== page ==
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Probabilistic and Unsupervised Learning
Approximate Inference and Learning in Probabilistic Models
(2017)
Dates  2 October  14 December 2017  
Lectures  Mondays and Thursdays 11:0013:00 (note any exceptions below) 

Tutorials  Wednesdays 9:0011:00 

Lecturer  Maneesh Sahani  
Coordinator (CS)  Dmitry Adamsky. Please direct all correspondence regarding coursework, extensions and administrative issues to Dmitry.  
TAs  (CS) Harshil Shah, Raza Habib, Benoit Gaujac; (Gatsby/SWC) Jorge Menendez Canelas, Kirsty McNaught, Lea Duncker, Michael Arbel, Wenkai Xu  
Location  Ground Floor Seminar Room,
25 Howland Street, London W1T 4JG 

About the course 
This course (offered as two successive modules to MSc students) provides an indepth introduction to statistical modelling, unsupervised, and some supervised learning techniques. It presents probabilistic approaches to modelling and their relation to coding theory and Bayesian statistics. A variety of latent variable models will be covered including mixture models (used for clustering), dimensionality reduction methods, time series models such as hidden Markov models which are used in speech recognition and bioinformatics, Gaussian process models, independent components analysis, hierarchical models, and nonlinear models. The course will present the foundations of probabilistic graphical models (e.g. Bayesian networks and Markov networks) as an overarching framework for unsupervised modelling. We will cover Markov chain Monte Carlo sampling methods and variational approximations for inference. Time permitting, students will also learn about other topics in probabilistic (or Bayesian) machine learning. The complete course forms a component of the Gatsby PhD programme, and is mandatory for Gatsby students. The two component modules are also available to students on the UCL MSc in Machine Learning and UCL MSc in Computational Statistics and Machine Learning. The first part (GI18: Probabilistic and Unsupervised Learning) may be used to fill a core requirement in each Masters programme. The second part (GI16: Approximate Inference and Learning in Probabilistic Models) is an optional module, but is only available to students who have completed GI18. 

Mailing list 
If you plan to attend the lectures, please sign up to join the email list here. (If you used the previous version  we do have your email, no need to sign up again!) 

General attendance 
UCL Students, postdocs and faculty from outside the unit and these programmes are welcome to attend the lectures as long as space is available. If you are not a student on either MSc programme above, please do not register for the course without consulting the instructor. 

Prerequisites  A good background in statistics, calculus, linear algebra, and computer science. You should thoroughly review the maths in the following cribsheet [pdf] [ps] before the start of the course. This quiz may help you check where you stand. You must know Matlab, Octave or Python/NumPy.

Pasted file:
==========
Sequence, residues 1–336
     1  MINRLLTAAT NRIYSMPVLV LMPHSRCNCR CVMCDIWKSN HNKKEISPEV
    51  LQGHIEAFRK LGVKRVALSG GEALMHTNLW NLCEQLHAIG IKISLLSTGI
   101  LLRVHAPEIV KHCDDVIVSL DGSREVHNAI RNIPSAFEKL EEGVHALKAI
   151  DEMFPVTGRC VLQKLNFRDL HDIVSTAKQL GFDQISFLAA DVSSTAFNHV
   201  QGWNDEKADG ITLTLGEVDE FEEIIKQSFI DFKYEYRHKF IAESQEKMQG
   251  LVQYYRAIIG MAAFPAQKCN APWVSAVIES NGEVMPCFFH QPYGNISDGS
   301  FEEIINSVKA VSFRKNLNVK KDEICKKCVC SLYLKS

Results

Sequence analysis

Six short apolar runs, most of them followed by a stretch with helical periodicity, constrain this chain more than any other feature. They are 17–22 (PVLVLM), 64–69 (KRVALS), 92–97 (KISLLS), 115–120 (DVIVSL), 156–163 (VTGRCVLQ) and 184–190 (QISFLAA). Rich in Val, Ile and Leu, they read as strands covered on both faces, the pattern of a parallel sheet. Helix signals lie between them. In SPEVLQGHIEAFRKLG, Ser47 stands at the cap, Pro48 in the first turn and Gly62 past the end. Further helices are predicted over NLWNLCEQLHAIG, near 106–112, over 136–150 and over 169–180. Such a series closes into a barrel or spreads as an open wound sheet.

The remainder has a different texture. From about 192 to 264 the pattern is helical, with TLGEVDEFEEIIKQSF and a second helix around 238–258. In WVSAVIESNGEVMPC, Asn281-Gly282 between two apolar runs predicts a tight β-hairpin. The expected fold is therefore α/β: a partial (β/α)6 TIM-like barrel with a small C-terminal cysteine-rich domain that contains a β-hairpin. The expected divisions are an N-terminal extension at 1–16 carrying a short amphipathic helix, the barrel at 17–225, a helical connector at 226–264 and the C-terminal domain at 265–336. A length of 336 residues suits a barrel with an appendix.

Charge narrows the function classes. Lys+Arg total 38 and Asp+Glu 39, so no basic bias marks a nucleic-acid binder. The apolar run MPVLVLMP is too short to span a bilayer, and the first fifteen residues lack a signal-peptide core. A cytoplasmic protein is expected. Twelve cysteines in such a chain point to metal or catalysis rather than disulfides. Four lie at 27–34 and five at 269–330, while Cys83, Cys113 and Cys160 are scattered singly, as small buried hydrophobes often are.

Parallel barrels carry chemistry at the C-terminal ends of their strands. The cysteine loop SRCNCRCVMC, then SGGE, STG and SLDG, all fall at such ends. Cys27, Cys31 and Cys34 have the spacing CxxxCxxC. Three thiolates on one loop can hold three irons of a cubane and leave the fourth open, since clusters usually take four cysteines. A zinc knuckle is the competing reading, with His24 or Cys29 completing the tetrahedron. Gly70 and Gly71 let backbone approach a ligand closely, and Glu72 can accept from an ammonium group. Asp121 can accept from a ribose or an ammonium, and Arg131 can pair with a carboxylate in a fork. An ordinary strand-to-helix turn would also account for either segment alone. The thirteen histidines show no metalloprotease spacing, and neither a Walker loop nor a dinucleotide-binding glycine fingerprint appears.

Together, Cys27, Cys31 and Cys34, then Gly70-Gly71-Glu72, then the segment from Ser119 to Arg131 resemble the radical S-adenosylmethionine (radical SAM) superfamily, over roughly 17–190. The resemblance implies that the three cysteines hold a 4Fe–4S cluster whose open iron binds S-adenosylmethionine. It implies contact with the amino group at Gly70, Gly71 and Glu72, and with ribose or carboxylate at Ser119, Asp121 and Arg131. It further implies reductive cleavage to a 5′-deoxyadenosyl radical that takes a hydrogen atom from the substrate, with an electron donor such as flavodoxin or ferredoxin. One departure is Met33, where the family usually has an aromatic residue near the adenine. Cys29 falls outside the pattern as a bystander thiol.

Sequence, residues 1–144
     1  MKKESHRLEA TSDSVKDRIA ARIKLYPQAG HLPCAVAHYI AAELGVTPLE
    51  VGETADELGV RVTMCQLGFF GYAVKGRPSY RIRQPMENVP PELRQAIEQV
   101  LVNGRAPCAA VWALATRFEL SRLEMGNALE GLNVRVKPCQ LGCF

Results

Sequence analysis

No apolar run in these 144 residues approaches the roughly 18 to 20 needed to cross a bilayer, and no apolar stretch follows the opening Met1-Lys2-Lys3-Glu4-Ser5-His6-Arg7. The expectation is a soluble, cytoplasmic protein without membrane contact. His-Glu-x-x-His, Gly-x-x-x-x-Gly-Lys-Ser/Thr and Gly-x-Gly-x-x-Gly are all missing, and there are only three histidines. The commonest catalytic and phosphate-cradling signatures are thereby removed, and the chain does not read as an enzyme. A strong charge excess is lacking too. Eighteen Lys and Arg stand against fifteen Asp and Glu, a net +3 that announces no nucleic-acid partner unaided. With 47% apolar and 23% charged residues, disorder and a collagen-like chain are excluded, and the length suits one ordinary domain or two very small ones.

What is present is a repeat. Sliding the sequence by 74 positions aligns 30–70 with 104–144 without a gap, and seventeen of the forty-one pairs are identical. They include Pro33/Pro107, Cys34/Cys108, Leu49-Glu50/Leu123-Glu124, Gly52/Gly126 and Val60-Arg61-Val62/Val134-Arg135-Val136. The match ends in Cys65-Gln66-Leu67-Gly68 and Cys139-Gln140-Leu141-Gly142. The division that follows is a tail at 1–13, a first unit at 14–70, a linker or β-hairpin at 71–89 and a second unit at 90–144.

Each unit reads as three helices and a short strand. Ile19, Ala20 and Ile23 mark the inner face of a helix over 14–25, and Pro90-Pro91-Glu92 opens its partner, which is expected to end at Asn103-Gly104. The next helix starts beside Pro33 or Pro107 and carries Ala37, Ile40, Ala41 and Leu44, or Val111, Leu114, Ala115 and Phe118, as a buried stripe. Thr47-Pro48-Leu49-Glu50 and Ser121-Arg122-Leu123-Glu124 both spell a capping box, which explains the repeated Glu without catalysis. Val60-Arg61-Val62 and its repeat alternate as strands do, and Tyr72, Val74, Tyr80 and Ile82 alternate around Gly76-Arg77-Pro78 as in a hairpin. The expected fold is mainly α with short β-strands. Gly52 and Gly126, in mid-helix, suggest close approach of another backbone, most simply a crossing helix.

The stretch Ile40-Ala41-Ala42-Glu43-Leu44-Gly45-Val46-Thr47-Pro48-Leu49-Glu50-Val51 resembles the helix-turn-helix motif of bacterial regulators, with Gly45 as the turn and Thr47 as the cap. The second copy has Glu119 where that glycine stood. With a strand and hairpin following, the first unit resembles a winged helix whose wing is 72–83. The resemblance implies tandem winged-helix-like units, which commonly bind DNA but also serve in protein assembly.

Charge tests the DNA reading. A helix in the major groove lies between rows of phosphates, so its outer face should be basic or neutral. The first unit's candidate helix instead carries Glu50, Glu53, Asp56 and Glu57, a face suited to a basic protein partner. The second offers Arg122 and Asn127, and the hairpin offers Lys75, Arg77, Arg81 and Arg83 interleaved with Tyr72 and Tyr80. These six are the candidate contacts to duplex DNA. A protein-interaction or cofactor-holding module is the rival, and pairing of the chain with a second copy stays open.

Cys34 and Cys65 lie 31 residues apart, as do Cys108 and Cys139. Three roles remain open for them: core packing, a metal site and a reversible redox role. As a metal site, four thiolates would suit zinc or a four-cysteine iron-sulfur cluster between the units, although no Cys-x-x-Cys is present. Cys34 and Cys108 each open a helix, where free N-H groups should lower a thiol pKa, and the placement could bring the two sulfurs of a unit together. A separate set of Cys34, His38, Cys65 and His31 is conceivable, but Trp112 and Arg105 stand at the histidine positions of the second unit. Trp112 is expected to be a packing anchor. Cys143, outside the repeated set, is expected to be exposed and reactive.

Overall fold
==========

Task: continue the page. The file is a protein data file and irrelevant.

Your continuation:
Text  There is no required textbook. However, the following are excellent sources for many of the topics covered here. David J.C. MacKay (2003) Information Theory, Inference, and Learning Algorithms, Cambridge University Press. Christopher M. Bishop (2006) Pattern Recognition and Machine Learning, SpringerVerlag. David Barber (2012) Bayesian Reasoning and Machine Learning, Cambridge University Press. Kevin Patrick Murphy (2012) Machine Learning: a Probabilistic Perspective, MIT Press. Daphne Koller and Nir Friedman (2009) Probabilistic Graphical Models, MIT Press. (This contains a more extensive treatment of graphical models, good for reference) Some of our work will depend numerical computation. A very useful reference in this area is: Gene H. Golub and Charles F. Van Loan (2013) Matrix Computations, 4th ed, Johns Hopkins Univ. Press 

Reading material  Specific recommendations for additional reading can be found here. New material may be assembled as course progresses. 

Lecture schedule and slides (provisional)  Lecture slides and assignments will be posted here as the course progresses. Note that the content and
sequence of lectures may vary slightly from those of previous years. Some lectures (boldface dates) will be moved to
the Wednesday morning tutorial slot.


Assignments 
50% of the total mark (for each module) is based on coursework assignments (the other 50%
being based on the final written examination).
Assignments (coursework) are due at the beginning of lecture on the date specified (except Assignement 6, which is due at 5pm). They may be handed in by email or on paper to the course coordinator (for CS/ML MSc students) or to a Gatsby TA (for Gatsby and SWC students). Late assignments (including those handed in after the beginning of lecture) will be penalised. Late Assignment Policy: we will be using the official
UCLwide late policy.


To attend  Please see the note above